Courage Under Fire
Isn't it just like Hollywood to beat us over the head with catharsis until we don't know up from down?
Watching director Edward Zwick try to end "Courage Under Fire" is kind of like standing in a cemetery several days after a funeral. You findyourself asking, over and over again, "Why am I still here?" Isn't it just like Hollywood to beat us over the head with catharsis until we don't know up from down?
What do you know about this film before you even take a seat? At least two things: You know the mystery surrounding the death of Capt. Karen Walden (Meg Ryan) will be resolved and the person investigating giving her the Medal of Honor, Lt. Colonel Nathaniel Serling (Denzel Washington), will solve his own personal crisis. These are absolute guarantees.
So why is it that Edward Zwick and most other filmmakers in Hollywood think that we're not capable of understanding a tragic moment when we see it? Or a genuinely emotional moment, like when Lt. Serling, toward the end of the film, solves the problem we already know he's going to solve? You'll stand up to start your way out of the theater four or five times before the credits actually roll. First it's the sappy music. Then it's the awarding of the medal of honor. Then it's Serling's resolution with his family. Then with himself. Then, finally, mercifully, the warm sun shines on his face. By this point, you want to yell, "Jesus, Ed, why don't you just poke me with something!?"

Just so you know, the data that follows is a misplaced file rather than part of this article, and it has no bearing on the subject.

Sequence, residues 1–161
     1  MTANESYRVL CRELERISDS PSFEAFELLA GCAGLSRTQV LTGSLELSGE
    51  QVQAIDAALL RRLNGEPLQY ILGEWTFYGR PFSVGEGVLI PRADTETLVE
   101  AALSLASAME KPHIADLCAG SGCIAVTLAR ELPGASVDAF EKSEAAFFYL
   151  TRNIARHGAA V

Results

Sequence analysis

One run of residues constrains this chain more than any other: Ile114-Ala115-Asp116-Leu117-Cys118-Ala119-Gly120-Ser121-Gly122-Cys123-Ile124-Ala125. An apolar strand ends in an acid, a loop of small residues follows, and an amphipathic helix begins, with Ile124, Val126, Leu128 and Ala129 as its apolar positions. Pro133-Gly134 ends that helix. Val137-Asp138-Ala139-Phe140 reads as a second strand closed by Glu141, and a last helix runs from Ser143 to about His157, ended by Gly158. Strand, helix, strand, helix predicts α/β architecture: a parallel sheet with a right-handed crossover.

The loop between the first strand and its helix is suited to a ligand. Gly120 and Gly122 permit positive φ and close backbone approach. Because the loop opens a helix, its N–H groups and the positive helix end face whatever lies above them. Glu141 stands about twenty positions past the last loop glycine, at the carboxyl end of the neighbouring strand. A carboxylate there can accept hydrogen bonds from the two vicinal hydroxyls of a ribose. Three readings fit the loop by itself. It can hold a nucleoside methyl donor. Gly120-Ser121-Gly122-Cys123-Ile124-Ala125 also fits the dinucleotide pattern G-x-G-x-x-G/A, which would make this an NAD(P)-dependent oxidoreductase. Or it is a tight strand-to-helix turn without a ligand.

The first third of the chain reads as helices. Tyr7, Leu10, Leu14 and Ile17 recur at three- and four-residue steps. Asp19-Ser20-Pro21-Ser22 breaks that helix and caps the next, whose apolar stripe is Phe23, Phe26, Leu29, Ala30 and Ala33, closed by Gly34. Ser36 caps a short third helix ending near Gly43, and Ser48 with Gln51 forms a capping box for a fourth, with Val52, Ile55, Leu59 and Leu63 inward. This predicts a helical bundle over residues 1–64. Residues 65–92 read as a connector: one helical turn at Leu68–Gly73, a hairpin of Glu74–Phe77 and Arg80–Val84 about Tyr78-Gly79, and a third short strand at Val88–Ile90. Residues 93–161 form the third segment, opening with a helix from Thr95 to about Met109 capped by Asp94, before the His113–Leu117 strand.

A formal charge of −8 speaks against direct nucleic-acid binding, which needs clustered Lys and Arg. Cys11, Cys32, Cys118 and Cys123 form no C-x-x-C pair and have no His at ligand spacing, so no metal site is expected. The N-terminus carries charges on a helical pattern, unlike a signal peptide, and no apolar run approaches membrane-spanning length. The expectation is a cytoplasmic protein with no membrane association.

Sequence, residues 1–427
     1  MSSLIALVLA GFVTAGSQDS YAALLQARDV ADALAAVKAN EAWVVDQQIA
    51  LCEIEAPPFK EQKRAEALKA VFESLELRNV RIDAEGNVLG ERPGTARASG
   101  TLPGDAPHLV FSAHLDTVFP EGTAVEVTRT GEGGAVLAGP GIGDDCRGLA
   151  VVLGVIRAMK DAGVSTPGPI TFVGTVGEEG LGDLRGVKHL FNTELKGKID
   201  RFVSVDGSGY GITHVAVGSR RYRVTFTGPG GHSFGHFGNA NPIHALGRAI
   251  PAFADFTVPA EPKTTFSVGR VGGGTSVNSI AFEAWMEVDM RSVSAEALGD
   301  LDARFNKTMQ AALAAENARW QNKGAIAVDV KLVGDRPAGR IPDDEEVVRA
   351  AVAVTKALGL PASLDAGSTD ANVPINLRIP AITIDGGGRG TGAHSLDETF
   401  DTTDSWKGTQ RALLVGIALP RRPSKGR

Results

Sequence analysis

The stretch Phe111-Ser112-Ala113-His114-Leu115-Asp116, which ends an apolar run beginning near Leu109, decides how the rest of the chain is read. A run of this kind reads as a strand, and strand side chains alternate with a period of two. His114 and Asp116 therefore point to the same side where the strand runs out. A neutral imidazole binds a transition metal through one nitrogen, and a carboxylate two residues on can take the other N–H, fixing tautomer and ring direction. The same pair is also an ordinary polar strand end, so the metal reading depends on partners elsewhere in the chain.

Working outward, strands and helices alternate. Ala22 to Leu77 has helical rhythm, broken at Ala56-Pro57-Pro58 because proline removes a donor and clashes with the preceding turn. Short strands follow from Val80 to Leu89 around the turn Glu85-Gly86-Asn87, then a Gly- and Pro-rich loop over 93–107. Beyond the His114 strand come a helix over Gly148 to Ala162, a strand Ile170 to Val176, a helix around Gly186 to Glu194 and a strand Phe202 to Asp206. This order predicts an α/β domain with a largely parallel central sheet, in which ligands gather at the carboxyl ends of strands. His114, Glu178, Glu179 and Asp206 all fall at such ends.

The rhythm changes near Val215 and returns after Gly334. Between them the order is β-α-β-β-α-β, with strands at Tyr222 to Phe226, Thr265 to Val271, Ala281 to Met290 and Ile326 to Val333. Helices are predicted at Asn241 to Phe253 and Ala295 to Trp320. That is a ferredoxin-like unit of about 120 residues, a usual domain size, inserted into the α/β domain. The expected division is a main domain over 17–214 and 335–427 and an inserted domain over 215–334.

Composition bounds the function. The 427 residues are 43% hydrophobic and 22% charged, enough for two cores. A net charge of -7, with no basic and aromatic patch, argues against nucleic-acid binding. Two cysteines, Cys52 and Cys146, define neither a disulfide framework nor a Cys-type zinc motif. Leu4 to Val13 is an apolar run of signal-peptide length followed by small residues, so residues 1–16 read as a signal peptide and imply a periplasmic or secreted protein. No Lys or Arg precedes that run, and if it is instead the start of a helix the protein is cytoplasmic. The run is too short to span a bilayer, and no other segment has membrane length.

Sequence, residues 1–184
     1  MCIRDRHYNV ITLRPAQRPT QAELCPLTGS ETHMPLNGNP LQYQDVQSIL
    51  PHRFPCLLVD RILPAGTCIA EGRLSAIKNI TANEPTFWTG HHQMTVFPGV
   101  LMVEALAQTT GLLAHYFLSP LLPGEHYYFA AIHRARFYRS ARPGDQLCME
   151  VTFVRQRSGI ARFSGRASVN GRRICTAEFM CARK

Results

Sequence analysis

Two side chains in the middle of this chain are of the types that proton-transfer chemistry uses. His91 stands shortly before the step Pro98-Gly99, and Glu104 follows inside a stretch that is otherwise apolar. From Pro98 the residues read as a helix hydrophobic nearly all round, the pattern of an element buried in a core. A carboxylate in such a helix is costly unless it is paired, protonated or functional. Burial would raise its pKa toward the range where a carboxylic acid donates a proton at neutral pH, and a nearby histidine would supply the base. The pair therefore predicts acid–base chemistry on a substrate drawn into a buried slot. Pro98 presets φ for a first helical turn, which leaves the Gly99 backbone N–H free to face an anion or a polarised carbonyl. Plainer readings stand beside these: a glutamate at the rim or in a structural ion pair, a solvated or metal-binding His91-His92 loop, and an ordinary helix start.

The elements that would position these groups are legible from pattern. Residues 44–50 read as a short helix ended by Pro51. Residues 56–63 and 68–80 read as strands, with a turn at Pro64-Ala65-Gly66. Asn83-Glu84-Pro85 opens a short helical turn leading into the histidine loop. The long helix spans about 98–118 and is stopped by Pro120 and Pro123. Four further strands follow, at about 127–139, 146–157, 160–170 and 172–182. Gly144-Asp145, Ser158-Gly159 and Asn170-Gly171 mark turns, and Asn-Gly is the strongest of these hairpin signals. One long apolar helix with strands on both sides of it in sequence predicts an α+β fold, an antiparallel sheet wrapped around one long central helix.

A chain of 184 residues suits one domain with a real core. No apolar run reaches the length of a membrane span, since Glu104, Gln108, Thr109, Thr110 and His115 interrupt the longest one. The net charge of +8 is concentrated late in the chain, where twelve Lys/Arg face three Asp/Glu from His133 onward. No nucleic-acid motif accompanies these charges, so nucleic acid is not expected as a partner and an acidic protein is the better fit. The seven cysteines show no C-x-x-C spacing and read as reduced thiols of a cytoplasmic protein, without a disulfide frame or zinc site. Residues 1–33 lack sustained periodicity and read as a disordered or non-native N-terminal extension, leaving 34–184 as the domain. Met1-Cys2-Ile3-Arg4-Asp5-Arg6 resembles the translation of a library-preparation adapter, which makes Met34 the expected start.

Denouement or electroshock therapy? You be the judge.
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